Random and not so random musings from a 5th generation NE Missourian who became a 1st generation Episcopalian. Let the good times roll!

Today’s discussion is about loss and asks the question, “Where is the will of God for us in loss?” She says that loss leaves us “left to cope with an abandoned pattern of happy yesterdays left spinning in a blur of bleak tomorrows.”

Reflection questions:

1. Meditate on your experiences of great loss. As a result of these losses, did you experience the destabilization of your life? Describe the experience.

All of the major losses in my life were more destabilizing than I thought they would be, and the heightened destabilization of it had a very disorienting effect. This is often a delayed effect for me. I am incredibly put together in the acute moments of a crisis. It is the “afterwards” where the unraveling and the destabilizing occurs for me, and it tends to “sneak up on me”. It is a slow unraveling that is punctuated by acute moments of grief. It is frustrating because trying to hold it together is like trying to stop a shirt with a loose thread from unraveling. It can’t be done. I go through the motions of daily living, and mostly on the surface I “look okay” but there seems to be no cohesiveness to it from my point of view. Then, over time, when it’s all unraveled, something seems to happen where things start to get put back together again, not the same as before, but in a way that is ok.

The one thing I have to guard against, though, in times of loss, is I have a tendency to say to myself, “I will never be hurt like this again,” and to make this “come true” I have a tendency to close off a part of me to the world; wall it off, seal it in. That has been a bit of a problem lately b/c some of those walls have crumbled a bit and I am dealing with the residue.

2. Where was God in the losses you experienced, either in the past or the present?

That’s not always apparent for me at first, mostly because in the most painful parts of my loss I tend to shove God to the side. He’s there, I just don’t always choose to look for him. My bad habit is in times of loss or even threat of loss, I still have to play out my “I’m tough and I’m in control” illusions. I have not yet grown past that. But even when playing that role out, I feel God pushing at my back, never totally leaving me alone with my illusion, which truthfully, kind of irritates the hell out of me! The other problem these days with my illusion is that God has brought friends into my life that are “too smart to fool”. They tend to be “God’s little helpers” in this process, because they flat out confront me about what they are observing about my demeanor and might even say something like, “To anyone else you probably look ok, but I know you are upset/sad/hurting/whatever and you’d die before you’d admit it.”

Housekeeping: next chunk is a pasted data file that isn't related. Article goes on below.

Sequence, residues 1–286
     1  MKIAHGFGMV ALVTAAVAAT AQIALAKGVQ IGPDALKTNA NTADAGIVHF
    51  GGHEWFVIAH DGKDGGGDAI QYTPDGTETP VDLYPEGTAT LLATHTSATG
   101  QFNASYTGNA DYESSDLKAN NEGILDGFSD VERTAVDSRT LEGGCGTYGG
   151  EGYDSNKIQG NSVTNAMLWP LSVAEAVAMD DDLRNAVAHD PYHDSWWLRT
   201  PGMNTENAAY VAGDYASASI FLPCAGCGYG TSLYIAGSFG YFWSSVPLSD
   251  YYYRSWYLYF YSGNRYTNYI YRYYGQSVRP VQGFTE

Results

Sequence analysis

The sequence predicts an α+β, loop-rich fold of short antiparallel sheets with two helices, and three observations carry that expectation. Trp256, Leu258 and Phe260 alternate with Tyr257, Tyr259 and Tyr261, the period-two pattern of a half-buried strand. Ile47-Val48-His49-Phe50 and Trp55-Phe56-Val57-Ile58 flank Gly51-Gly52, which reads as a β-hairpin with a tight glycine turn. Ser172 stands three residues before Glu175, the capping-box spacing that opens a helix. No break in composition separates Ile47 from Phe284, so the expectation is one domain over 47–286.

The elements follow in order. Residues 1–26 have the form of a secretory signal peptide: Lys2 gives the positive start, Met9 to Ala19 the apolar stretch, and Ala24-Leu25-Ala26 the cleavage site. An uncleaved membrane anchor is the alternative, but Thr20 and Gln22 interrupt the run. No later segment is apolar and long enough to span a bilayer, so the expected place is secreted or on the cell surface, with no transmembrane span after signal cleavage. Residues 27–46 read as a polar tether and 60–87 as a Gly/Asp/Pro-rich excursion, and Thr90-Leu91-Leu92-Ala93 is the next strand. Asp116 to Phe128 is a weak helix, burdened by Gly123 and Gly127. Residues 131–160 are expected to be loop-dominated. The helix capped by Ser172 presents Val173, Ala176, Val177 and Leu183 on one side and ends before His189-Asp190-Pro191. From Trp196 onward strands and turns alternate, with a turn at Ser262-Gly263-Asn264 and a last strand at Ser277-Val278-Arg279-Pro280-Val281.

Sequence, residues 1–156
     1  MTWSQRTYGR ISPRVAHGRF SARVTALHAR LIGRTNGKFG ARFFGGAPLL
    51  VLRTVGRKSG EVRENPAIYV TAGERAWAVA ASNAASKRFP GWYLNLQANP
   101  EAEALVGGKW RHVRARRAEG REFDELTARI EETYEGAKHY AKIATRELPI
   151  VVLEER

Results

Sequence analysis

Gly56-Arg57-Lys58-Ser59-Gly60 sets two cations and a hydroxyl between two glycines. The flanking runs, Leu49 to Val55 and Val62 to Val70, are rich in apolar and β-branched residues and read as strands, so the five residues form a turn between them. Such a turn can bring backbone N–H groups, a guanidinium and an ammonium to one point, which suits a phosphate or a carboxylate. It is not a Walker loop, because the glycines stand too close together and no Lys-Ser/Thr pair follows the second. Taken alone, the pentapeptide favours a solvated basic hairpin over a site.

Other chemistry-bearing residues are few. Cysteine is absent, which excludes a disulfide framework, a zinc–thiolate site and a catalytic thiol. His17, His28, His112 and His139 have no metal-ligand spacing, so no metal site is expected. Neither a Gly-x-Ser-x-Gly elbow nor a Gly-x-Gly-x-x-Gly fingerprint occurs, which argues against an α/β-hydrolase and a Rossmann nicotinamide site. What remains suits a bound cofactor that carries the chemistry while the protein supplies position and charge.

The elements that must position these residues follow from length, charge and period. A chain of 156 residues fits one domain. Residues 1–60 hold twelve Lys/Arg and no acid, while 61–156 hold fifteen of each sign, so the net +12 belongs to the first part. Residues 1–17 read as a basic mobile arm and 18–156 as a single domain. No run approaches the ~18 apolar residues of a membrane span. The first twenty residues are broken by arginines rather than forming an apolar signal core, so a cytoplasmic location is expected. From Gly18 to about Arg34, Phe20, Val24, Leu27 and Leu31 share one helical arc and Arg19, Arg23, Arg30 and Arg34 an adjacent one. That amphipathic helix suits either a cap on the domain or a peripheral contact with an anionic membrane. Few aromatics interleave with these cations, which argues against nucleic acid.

Over time, in this process, God becomes more apparent as part of the healing process but it is because I start to slowly give up my illusions that can’t be held together in that “unraveling” I was talking about. I don’t treat God any differently than anyone else when I’m hurting. My usual pattern for years and years is “shove everyone away and be alone in the existential elements of my hurt, then slowly let everyone back in.” But the bottom line is in my mind, God is always there as he is always there for everything else in my life, but I am the one shoving him off and coming back to him.

3. Have you ever thought, in the wake of great loss, “What can possibly be left to live for, even though, for whatever reason, live I must?” What answers emerged for you during the grief process?

That statement is WAY too dramatic for my blood! Believe me, I have never been THAT dramatic about this. A more appropriate way of putting it in my psyche is “I just have to get up every day and live through this shit long enough, and eventually it will let up.” Really, as I go through repeated experiences of different kinds of grief, I learn different lessons. But the big lesson in it all is, “Somewhere in the middle of all this is healing. Somewhere in the middle of this are bonds that can’t be broken between me and God and those close to me in my life, and they are helping me bear this even if I am pretending I am doing it all by myself.”



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Kirksville, Missouri, United States
I'm a longtime area resident of that quirky and wonderful place called Kirksville, MO and am wondering what God has hiding round the next corner in my life.

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